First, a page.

A child's risk of developing tuberculosis (TB) can be reduced by nearly 60% with administration of 6 months course of isoniazid preventive therapy (IPT). However, uptake of IPT by national TB programs is low, and IPT delivery is a challenge in many resource-limited high TB-burden settings. Routinely collected program data was analyzed to determine the coverage and outcome of implementation of IPT for eligible under-five year old children in 28 health facilities in two regions of Ethiopia. A total of 504 index smear-positive pulmonary TB (SS+) cases were reported between October 2013 and June 2014 in the 28 health facilities. There were 282 under-five children registered as household contacts of these SS+ TB index cases, accounting for 17.9% of all household contacts. Of these, 237 (84%) were screened for TB symptoms, and presumptive TB was identified in 16 (6.8%) children. TB was confirmed in 5 children, producing an overall yield of 2.11% (95% confidence interval, 0.76-4.08%). Of 221 children eligible for IPT, 64.3% (142) received IPT, 80.3% (114) of whom successfully completed six months of therapy. No child developed active TB while on IPT. Contact screening is a good entry point for delivery of IPT to at risk children and should be routine practice as recommended by the WHO despite the implementation challenges.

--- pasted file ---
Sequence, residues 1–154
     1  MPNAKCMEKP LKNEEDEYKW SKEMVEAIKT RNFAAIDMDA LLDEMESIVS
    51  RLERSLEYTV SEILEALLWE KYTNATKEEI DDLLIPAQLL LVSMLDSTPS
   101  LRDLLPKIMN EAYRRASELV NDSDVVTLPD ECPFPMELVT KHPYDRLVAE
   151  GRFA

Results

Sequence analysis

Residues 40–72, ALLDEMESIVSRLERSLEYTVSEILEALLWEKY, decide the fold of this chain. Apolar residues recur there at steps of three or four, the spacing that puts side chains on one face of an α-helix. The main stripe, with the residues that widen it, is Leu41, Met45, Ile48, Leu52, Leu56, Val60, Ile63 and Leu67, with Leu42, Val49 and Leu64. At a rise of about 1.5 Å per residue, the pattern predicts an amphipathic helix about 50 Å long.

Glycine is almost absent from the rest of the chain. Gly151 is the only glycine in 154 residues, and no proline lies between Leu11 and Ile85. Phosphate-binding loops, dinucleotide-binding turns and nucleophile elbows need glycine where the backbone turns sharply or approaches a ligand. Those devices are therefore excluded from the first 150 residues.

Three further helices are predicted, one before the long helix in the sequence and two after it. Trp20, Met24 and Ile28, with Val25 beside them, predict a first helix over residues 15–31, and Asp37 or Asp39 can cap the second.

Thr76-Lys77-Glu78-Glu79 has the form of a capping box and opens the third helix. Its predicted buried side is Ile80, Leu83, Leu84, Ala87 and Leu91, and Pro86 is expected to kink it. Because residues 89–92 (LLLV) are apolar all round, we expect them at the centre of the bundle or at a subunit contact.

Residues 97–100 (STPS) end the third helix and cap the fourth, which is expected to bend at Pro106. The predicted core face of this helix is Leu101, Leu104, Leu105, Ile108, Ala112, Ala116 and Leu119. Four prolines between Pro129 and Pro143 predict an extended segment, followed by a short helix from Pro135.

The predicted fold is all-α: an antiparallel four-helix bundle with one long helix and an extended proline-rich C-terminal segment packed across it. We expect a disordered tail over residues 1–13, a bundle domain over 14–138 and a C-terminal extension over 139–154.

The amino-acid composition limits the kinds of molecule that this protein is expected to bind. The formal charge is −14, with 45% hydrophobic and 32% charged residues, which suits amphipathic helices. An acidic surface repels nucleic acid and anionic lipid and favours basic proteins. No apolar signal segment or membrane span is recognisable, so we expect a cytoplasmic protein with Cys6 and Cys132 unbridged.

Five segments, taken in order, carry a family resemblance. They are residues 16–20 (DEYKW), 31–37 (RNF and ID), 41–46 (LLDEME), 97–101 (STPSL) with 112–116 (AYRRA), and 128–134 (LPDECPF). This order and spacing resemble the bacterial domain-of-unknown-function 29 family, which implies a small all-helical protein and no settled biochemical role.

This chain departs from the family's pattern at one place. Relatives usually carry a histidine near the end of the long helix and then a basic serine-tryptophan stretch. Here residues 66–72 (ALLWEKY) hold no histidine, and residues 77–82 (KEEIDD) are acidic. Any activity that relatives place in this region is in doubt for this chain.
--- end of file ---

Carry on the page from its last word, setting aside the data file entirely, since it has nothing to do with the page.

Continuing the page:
Ethiopia has achieved rapid expansion of TB microscopic centers for acid fast bacilli (AFB). However, external quality assurance (EQA) services were, until recently, limited to few regional and sub-regional laboratories. In this paper, we describe the decentralization experience and the result of EQA using random blinded rechecking. We decentralized sputum smear AFB EQA from 4 regional laboratories (RRLs) to 82 EQA centers and enrolled 956 health facilities (HFs) in EQA schemes. From 2012 to 2014 (Phase I), the false positivity rate declined from 0.6% to 0.2% and false negativity fell from as high as 7.6% to 1.6% in supported HFs. In HFs that joined in Phase II, FN rates ranged from 5.6% to 7.3%. The proportion of HFs without errors increased from 77.9% to 90.5% in Phase I HFs and from 82.9% to 86.9% in Phase II HFs. Overall sensitivity and specificity were 95.0% and 99.7%, respectively. Positive predictive and negative predictive values were 93.3% and 99.7%, respectively. Decentralizing blinded rechecking of sputum smear microscopy is feasible in low-income settings. While a comprehensive laboratory improvement strategy enhanced the quality of microscopy, laboratory professionals' capacity in slide reading and smear quality requires continued support.